The gruesome death of an elderly Indian River Shores man – who police say was left to die by his health aide – raises a wide range of questions about how the caregiver came to be hired for the important job of caring for an 81-year-old man with dementia.
Certified nursing assistant Gina Albrecht, 37, is charged with the aggravated manslaughter death of her patient, George May of Marbrisa..
Albrecht worked for Nightingale Private Duty Nursing, founded by island resident Yvonne Sue Stutzke, who sold it to the highly regarded Visiting Nurse Association of the Treasure Coast in 2008.
Albrecht went to work for May at his barrier island home in June 2011.
Before hiring Albrecht as a certified nursing assistant, Nightingale checked her certification and her state license and asked for a Level 2 screening from the Florida Agency for Healthcare Administration in Tallahassee.
That screening required getting Albrecht’s fingerprint and matching it with national arrest and conviction records to see if she had a record anywhere in the country. The screening included checking records of the Florida Department of Law Enforcement to see if she had ever been arrested, charged or convicted of a crime within the state.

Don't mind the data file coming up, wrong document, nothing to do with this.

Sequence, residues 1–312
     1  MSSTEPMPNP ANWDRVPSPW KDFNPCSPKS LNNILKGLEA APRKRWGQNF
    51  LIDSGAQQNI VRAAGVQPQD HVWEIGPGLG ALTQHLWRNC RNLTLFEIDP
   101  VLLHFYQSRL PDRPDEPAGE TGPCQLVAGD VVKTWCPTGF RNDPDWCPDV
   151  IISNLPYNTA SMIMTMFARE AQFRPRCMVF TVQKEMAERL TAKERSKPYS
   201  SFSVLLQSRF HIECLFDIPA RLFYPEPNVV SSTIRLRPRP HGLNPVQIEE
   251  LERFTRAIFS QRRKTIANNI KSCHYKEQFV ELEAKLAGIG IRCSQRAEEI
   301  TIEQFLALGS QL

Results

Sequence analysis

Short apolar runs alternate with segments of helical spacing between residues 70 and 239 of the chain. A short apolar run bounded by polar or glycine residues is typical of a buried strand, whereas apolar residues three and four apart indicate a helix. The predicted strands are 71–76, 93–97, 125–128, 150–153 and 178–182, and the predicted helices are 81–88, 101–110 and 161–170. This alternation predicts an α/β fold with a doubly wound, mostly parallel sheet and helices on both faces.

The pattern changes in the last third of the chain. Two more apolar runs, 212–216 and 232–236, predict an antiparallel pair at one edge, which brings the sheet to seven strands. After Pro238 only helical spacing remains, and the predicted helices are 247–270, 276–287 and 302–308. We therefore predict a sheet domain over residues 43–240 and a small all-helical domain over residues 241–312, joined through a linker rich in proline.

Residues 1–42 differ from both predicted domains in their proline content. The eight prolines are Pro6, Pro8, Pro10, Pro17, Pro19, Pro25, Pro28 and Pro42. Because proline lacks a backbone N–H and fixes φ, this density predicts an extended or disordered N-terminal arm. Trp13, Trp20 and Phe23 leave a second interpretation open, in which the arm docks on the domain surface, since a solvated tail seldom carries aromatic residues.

The record showed she had been arrested in 1996 at age 20 for shoplifting and convicted of a misdemeanor. But a misdemeanor conviction for shoplifting is not grounds to disqualify a CNA from agency employment.
So, Albrecht passed the screening requirements and Nightingale received no information on the shoplifting conviction.
Instead, the Florida Agency for Health Care Administration, the Tallahassee government agency that conducted the screening, simply notified Nightingale that Albrecht passed the screening.
Nightingale had 30 days to request details of the fingerprint search and the FDLE record. But because no one complained about Albrecht during that time, the company did not request details.
“Our procedure followed the law,” said Michael Gardner, spokesman for the VNA, which owns Nightingale.
Florida Agency for Health Care Administration press secretary Shelisha Coleman agreed with Gardner. “Details of what we find in a Level 2 Screening can only be requested by a hiring agency within 30 days of hiring if there is a complaint,” she said.
“Because no one complained about the CNA in those 30 days, Nightingale did the right thing by accepting our ruling that the CNA passed the screening,” she added.
By the time police, neighbors and May’s friends complained about Albrecht, the health aide no longer worked for Nightingale and was an independent CNA, with no agency monitoring her behavior.
If she had a felony arrest or conviction, Nightingale would not have hired her.